A dominant 7th type hchord can be substituted by the dominant 7th chord whose root is an interval of an augmented 4th/diminished 5th (6 semitones, or 3 whole tones, hence the name 'tritone substitution') away from the root of the original chord.
For example, C7 could be substituted by Gb7, and vice versa (notice how close the notes of the substituted chord are to the notes of the original chord):
This is a very useful device to employ for chord sequences moving in a cycle of 4ths, for example:
By applying tritone substitution you can arrive at the following sequence. Here the substitute chords create much smoother voice leading, resulting in a more pleasing motion in the chords:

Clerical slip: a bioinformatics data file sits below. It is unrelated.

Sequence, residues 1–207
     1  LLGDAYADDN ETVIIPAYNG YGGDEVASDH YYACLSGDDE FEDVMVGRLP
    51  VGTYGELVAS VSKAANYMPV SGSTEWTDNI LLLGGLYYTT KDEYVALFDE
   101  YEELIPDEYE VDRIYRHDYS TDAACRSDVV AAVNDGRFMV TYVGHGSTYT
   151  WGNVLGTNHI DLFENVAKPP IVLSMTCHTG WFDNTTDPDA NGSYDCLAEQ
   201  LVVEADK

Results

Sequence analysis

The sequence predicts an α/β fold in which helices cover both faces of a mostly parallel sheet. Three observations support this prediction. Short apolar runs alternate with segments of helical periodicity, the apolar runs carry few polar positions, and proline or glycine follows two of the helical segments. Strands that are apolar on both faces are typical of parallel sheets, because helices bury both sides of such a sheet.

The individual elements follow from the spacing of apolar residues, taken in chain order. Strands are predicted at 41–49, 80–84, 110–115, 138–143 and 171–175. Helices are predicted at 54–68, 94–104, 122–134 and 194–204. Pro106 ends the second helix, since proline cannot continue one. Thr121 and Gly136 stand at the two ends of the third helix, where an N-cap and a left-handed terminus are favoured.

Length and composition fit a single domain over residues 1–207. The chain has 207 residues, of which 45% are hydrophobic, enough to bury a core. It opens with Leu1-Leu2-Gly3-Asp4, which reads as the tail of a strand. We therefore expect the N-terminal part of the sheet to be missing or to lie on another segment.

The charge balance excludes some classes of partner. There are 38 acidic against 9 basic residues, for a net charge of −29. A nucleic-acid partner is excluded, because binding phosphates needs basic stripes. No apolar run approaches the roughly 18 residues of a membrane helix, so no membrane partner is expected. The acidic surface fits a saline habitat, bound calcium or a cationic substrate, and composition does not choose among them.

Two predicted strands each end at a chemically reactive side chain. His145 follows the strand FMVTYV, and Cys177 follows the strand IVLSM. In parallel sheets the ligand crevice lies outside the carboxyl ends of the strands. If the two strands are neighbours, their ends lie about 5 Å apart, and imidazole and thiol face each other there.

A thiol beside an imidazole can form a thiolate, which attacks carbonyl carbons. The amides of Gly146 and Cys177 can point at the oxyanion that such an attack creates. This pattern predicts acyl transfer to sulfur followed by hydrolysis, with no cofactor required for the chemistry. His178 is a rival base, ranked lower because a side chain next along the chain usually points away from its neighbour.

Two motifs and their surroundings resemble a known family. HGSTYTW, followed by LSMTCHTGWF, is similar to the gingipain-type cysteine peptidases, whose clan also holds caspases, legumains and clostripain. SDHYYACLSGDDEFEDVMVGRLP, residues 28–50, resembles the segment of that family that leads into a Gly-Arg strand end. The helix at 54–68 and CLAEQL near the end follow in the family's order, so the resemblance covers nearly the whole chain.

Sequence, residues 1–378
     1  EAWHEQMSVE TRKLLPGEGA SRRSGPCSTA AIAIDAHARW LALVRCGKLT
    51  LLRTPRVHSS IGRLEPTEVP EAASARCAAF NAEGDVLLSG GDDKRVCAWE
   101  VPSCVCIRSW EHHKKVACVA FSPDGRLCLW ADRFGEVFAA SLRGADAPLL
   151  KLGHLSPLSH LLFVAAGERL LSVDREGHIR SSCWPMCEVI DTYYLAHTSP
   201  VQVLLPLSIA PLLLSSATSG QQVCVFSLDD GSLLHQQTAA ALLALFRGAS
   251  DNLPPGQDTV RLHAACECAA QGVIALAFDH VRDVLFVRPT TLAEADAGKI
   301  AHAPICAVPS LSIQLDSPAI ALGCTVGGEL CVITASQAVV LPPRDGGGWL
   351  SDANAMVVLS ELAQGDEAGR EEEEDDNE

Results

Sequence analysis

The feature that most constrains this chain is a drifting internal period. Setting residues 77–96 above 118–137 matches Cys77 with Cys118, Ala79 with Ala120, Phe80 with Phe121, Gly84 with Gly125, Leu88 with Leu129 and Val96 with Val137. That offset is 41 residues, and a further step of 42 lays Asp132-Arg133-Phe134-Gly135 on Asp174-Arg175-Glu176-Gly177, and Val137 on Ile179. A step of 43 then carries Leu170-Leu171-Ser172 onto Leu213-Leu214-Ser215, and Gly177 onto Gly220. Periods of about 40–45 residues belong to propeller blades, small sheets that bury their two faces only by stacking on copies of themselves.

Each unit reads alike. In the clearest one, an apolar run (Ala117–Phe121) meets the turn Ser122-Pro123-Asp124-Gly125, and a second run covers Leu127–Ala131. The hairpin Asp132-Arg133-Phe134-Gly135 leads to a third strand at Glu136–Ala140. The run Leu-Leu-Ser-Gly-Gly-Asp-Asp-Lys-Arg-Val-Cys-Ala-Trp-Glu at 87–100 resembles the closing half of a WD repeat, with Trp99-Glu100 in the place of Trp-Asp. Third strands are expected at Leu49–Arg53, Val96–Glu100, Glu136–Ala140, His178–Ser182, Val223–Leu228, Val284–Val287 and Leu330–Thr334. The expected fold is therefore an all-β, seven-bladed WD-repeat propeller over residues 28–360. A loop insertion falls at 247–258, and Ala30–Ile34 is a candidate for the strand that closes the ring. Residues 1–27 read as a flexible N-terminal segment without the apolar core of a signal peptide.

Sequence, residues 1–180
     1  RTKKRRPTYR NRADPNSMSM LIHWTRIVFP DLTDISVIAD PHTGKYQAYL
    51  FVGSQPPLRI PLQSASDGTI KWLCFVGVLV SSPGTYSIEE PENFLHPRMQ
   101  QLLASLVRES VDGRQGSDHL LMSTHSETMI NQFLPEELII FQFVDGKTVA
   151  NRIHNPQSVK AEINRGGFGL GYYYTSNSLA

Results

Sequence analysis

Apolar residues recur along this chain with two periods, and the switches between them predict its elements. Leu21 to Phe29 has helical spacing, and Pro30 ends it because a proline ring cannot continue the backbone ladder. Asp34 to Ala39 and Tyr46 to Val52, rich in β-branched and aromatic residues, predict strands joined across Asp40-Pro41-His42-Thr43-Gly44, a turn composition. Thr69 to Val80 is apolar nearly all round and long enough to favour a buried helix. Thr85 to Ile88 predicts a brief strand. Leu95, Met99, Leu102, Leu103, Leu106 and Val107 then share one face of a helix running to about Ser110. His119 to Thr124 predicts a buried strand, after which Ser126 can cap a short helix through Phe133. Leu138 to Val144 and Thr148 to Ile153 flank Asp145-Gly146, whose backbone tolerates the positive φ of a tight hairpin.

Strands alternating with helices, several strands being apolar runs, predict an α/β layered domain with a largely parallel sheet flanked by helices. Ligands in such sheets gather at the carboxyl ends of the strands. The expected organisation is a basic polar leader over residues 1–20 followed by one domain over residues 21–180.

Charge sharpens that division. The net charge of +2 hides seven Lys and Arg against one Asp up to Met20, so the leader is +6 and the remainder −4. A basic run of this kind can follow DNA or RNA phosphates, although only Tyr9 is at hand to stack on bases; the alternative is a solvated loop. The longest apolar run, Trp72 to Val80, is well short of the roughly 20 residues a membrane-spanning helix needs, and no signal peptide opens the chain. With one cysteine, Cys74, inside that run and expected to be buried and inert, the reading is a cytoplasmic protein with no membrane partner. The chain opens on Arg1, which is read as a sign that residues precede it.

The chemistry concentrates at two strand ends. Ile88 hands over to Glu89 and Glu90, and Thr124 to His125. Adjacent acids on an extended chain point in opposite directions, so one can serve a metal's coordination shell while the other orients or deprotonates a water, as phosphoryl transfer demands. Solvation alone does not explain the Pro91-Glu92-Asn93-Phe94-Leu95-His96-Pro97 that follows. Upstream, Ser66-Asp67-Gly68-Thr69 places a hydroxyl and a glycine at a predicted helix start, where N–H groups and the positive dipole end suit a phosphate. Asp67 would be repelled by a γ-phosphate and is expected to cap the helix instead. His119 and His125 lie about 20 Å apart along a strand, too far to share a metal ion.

To show another use of tritone substitution, consider a common fingering for a ii-V-I chord progression. For this example, we'll use the key of C major with a progression moving from Dm7 to G7 to C7:
By substitutuing the G7 chord with a Db7 chord, notice how the root notes of the chords move steadily down the 5th string, one semitone at a time:
As a substituted chord's root note is not diatonic to a key, it cannot be classified as a secondary dominant chord. Secondary domainants are covered in a separate tutorial.
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